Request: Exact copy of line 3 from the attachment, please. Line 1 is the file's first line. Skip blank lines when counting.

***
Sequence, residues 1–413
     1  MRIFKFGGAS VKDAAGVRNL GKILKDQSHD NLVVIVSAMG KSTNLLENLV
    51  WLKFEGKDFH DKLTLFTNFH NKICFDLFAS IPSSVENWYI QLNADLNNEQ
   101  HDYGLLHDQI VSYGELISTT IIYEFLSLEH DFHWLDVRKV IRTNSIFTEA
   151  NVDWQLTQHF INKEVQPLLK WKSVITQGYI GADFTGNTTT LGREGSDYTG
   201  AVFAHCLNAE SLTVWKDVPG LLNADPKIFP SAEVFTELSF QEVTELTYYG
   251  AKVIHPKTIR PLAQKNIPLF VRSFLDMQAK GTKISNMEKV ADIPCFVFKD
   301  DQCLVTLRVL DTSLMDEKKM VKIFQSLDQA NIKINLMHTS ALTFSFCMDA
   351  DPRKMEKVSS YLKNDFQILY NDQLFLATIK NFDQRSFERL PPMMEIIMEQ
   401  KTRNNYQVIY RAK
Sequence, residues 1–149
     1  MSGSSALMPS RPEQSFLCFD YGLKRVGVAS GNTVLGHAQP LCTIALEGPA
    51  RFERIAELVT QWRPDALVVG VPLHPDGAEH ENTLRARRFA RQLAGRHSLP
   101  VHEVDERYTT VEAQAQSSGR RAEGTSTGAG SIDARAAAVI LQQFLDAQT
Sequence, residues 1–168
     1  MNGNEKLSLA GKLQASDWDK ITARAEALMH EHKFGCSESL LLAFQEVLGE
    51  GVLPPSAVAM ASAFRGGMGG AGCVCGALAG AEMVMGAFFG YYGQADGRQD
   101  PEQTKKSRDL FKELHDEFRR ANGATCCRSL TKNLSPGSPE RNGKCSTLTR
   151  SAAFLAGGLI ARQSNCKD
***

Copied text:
    51  WLKFEGKDFH DKLTLFTNFH NKICFDLFAS IPSSVENWYI QLNADLNNEQ